CITY HALL has urged traders to be patient with the Patrick Street car ban after calls have already been made to scrap the scheme.
The City Council has come under fire for its partial ban on private cars on Patrick Street, between the hours of 3pm and 6.30pm each day.
The ban was introduced two weeks ago to improve public transport but has already been described as damaging to city traders.
Frank Lee from Tung Sing restaurant said his family have been in business on Patrick Street for the past 55 years, but if things continue like this, they won’t be for much longer.
Mr Lee said on Easter Sunday his revenue was down 40% and he said the Patrick Street private car ban is affecting his takeaway business as no one can reach him.
Cork Business Association chief executive Lawrence Owens said things are only going to get worse when the Easter holidays end and children return to school.
Mr Owens also made the point that just one accident had the potential to shut down the whole city thanks to the gridlock caused by the Patrick Street car ban.
The CBA chief said the City Council should be making it easier for customers to come into the city and highlighted the fact that the Gardaí, who are currently manning the roads surrounding Patrick Street between 3-6pm, will not always be there and questioned what would happen when their presence is removed.
Mr Owens said there was a lot of anger and frustration among traders and it was important that that message was sent to City Hall.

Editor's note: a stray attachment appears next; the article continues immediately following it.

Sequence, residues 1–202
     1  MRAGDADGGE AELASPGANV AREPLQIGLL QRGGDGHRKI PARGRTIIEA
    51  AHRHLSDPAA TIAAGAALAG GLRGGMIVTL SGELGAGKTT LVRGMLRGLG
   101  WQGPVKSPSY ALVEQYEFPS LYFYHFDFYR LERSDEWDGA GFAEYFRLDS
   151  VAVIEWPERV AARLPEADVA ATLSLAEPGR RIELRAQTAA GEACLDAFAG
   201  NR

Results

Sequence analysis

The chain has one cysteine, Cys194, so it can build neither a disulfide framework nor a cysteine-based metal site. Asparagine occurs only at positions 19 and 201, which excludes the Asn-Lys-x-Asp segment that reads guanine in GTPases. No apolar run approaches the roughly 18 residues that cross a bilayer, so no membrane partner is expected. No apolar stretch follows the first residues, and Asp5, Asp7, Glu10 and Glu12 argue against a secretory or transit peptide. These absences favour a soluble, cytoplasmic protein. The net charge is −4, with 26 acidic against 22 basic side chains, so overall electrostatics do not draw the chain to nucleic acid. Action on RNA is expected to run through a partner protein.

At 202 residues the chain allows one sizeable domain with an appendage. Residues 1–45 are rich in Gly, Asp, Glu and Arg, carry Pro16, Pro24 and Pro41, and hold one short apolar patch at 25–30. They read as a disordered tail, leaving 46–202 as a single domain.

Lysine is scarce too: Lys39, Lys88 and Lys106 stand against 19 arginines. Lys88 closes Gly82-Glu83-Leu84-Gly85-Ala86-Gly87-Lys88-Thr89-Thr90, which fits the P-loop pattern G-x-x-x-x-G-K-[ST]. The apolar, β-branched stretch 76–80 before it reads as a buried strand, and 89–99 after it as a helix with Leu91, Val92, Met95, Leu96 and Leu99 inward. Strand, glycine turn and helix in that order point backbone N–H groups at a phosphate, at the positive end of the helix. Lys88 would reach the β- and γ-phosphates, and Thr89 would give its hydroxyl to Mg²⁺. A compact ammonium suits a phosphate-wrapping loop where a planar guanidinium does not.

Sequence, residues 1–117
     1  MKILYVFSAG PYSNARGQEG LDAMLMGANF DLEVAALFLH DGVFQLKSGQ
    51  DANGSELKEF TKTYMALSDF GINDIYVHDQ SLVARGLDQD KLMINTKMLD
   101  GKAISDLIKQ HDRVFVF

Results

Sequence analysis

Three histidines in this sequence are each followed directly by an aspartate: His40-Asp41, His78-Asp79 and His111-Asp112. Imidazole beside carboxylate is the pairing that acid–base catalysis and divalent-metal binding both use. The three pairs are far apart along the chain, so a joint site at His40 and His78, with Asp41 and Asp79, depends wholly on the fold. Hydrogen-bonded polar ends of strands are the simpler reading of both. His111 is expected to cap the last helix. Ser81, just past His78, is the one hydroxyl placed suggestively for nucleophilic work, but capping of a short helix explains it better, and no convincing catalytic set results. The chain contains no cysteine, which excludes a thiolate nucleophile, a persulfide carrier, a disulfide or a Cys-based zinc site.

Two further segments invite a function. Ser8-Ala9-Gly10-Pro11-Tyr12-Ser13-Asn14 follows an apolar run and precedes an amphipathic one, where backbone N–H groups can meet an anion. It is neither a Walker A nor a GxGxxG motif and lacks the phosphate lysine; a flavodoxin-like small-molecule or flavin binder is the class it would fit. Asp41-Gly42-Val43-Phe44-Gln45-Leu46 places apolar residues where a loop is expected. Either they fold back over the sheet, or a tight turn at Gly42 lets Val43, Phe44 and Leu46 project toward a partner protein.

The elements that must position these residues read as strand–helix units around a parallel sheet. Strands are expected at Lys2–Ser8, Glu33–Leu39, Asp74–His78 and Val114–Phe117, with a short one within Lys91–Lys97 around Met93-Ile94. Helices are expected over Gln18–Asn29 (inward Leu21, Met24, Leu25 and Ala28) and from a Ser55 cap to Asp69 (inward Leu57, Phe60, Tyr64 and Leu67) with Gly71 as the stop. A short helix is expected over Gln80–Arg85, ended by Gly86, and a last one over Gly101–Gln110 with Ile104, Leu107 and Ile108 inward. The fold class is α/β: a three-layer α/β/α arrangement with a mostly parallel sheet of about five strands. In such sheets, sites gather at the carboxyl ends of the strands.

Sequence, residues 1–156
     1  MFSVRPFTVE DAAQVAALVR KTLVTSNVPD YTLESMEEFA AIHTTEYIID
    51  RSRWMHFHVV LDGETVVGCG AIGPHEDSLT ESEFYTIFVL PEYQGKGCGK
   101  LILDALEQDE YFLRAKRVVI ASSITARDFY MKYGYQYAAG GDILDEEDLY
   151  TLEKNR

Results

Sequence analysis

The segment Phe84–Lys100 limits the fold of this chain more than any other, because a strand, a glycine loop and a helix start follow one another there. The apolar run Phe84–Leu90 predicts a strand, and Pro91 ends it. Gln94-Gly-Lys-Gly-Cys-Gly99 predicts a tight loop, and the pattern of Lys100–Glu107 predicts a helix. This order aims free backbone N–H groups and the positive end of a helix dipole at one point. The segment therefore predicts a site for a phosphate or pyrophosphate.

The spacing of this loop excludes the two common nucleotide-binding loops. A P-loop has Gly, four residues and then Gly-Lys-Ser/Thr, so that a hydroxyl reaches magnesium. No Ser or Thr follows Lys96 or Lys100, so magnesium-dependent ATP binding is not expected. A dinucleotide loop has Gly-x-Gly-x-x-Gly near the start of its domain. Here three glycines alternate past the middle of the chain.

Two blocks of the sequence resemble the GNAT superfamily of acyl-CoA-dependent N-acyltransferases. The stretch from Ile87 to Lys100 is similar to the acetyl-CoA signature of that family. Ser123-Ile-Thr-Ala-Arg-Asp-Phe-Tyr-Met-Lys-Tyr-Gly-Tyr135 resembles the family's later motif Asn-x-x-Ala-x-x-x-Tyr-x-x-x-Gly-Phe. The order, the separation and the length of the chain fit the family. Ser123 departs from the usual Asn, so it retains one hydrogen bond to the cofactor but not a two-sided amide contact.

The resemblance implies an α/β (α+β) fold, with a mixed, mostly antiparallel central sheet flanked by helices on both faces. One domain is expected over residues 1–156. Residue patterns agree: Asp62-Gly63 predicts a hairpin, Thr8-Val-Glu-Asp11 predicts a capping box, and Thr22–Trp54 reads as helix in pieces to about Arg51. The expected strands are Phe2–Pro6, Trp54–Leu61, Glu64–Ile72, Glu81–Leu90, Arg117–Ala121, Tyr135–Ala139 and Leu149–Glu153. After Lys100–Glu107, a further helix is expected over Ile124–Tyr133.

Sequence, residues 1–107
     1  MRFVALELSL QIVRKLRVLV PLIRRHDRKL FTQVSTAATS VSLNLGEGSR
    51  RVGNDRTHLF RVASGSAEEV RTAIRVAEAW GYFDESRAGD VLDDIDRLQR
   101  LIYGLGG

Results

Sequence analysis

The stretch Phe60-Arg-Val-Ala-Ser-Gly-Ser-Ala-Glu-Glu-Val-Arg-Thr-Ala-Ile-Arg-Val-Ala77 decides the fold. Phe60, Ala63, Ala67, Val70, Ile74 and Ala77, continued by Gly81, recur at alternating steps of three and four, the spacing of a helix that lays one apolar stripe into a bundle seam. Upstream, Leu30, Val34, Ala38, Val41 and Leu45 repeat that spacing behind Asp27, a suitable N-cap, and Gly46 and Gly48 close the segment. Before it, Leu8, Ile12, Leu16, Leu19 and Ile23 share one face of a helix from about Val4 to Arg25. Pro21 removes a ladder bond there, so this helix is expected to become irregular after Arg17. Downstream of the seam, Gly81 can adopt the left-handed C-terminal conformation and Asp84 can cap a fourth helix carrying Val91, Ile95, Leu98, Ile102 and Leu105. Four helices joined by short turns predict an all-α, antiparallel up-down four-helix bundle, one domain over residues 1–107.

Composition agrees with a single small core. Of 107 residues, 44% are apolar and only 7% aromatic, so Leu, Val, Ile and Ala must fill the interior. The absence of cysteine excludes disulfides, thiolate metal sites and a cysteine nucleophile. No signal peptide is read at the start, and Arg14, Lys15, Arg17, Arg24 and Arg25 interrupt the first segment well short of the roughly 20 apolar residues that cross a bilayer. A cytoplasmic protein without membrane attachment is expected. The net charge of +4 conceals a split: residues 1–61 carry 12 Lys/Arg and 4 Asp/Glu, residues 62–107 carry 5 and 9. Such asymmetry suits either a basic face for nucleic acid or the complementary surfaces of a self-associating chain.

“We have been completing surveys on traders’ opinions of the traffic ban and so far, there has not been one positive response,” Mr Owens said.
City Hall’s Paul McGuirk, coordinator of the plan, said he thought last night’s meeting was very productive.
“The voice of the traders was very clear. It was productive discussions,” he said.
Regarding Patrick Street, Mr McGuirk said: “Obviously the new prioritised bus lane on Patrick Street is in its early days yet, it is only a week into it.
“It will be continually monitored and tweaked as we go along. It is currently in a trial period, but it is early days yet for it.
“Our road directorate is working closely with the CBA and Bus Eireann to evaluate it as it goes along.”
Mr McGuirk said it was part of the city centre movement strategy which was approved about a year ago.
“These are the first couple of phases of it, the next phases will be MacCurtain Street and North Mall and that area.
“A couple of people mentioned that it should be pulled and if something is completely not working it will have to be looked at, but it is very early days to be thinking about making those kinds of decisions.
“I think we are a week into a significant change and change is difficult, very difficult, but if there are improvements needed to be made, it is important that we listen and make those changes.”
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